Jason Isaacs has asked fans not to congratulate on being sober for 22 years, insisting, “It’s only ever one day at a time.”
The 57-year-old Harry Potter star paid tribute to his wife - documentary filmmaker Emma Hewitt - as he admitted that his drug and alcohol abuse had made their marriage unhappy.
Isaacs shared a picture on Instagram of himself and Emma from 1998, before he was sober, writing: “My beautiful wife Emma and I in Sep 1998 looking pretty happy. We weren’t.
“Three weeks later, on October 5th, 22 years ago today, I managed 24 hours without taking any drugs or drinking alcohol. I'd tried for decades, but was too smart, too capable and too successful to pull it off. Only when I admitted that I needed help did my life change.
“Thank you to every addict and alcoholic who's ever lifted me up. I love you all - especially the mad ones. Which is most of you. There’s a few 24 hours under my belt now, but it’s only ever one day at a time.”
Isaacs added on Twitter: “Please don't anyone congratulate me or tell me they're proud of me. I am and was useless by myself. Pride's the worst part. If you feel the desperate need to click, retweet it to let other people know there's a solution out there.”
Please don't anyone congratulate me or tell me they're proud of me. I am and was useless by myself. Pride's the worst part. If you feel the desperate need to click, retweet it to let other people know there's a solution out there.— Jason Isaacs (@jasonsfolly) October 5, 2020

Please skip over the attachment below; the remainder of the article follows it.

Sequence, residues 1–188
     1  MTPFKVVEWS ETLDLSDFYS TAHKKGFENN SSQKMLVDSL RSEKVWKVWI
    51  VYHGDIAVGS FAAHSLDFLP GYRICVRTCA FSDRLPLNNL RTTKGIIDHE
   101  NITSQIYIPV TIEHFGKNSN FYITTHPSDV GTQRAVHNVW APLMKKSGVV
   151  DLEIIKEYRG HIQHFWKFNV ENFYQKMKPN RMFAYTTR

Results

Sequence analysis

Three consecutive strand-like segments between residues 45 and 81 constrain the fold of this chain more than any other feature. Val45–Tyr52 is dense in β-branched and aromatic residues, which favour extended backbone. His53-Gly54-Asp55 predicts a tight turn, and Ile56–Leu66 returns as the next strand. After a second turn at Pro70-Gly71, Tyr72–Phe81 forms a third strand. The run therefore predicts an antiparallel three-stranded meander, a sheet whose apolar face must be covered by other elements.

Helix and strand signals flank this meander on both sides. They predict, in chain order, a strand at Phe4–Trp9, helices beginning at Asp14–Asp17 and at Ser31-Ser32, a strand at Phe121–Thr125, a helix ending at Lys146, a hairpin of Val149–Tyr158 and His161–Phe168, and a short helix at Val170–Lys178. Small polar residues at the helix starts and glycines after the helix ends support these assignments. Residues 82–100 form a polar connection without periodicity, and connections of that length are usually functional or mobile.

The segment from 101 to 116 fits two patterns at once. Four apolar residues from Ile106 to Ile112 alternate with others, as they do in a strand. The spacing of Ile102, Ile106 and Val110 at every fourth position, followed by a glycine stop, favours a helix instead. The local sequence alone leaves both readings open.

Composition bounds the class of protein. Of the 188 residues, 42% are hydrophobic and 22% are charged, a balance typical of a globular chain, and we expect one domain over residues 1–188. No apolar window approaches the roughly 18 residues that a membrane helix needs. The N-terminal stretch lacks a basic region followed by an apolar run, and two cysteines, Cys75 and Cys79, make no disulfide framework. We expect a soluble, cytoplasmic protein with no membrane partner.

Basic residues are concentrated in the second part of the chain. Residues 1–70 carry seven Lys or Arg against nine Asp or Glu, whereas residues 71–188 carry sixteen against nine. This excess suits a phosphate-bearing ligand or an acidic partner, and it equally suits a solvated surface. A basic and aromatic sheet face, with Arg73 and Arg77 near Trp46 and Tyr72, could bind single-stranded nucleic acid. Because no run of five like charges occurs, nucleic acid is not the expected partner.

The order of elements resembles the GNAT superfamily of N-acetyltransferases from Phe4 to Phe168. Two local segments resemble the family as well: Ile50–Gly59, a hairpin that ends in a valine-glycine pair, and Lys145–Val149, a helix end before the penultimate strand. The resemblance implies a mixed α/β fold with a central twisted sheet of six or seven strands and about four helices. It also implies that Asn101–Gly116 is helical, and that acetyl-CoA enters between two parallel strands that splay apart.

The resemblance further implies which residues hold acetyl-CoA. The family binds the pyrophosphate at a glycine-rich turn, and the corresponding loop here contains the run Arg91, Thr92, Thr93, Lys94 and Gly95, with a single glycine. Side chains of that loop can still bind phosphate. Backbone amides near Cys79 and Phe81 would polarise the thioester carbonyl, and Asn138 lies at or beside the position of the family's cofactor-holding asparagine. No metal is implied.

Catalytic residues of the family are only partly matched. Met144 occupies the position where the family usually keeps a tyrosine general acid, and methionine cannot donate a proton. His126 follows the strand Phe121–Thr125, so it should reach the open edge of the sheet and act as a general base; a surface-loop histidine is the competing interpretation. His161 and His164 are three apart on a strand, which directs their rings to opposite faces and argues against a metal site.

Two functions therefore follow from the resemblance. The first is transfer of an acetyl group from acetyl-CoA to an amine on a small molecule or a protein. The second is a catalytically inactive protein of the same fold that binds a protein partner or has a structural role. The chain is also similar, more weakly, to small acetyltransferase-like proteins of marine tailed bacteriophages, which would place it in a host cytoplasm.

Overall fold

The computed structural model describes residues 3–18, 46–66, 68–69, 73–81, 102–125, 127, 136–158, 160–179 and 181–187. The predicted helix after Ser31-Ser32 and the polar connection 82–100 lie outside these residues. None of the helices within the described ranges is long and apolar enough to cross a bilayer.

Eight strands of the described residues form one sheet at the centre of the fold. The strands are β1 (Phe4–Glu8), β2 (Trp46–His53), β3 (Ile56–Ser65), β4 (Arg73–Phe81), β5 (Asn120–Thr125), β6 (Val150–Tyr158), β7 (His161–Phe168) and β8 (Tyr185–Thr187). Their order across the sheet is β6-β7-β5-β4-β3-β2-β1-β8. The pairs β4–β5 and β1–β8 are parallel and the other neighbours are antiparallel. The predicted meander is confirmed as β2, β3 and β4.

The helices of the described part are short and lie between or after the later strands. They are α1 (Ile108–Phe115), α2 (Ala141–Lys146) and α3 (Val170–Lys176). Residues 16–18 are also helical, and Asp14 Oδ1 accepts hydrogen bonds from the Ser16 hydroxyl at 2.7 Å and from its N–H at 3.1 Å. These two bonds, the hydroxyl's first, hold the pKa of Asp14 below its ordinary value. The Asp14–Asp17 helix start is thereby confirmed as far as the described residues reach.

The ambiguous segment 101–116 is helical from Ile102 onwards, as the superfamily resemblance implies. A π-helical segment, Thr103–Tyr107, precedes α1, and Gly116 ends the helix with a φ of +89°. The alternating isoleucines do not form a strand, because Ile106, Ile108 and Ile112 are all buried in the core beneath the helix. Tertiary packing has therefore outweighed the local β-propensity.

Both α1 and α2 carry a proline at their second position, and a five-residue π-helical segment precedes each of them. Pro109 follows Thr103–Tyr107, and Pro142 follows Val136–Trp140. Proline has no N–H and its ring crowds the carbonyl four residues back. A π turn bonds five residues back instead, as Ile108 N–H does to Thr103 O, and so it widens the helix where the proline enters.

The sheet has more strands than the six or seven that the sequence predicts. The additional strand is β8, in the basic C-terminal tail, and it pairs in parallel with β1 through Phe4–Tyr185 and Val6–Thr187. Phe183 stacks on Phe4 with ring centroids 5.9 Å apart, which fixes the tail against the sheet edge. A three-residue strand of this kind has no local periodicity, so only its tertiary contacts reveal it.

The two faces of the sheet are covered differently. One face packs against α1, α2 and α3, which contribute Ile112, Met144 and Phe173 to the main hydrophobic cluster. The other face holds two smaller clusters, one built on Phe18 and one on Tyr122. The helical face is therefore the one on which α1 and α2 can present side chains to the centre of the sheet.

The OA star - best known for playing Lucius Malfoy in the Harry Potter movies - married Emma in 2001 after 14 years of dating. They have two teenage daughters, Ruby and Lilly.
Jason, told The Big Issue in August this year: “I’ve always had an addictive personality and by the age of 16 I’d already passed through drink and was getting started on a decades-long love affair with drugs.”
He revealed: “I remember there being a moment, not long before I got clean, when it suddenly occurred to me that if everybody I knew died, literally every single person, I probably wouldn’t mind that much,' he said.
“In fact, I might like it, because then it would be an excuse to sit in a room by myself and take drugs and everybody else would say, 'Well you know, fair enough, you heard what happened didn’t you?"'
But Isaacs said once he sobered up he realised: “The drugs weren’t a way of dealing with that sense of distance the drugs were causing it.”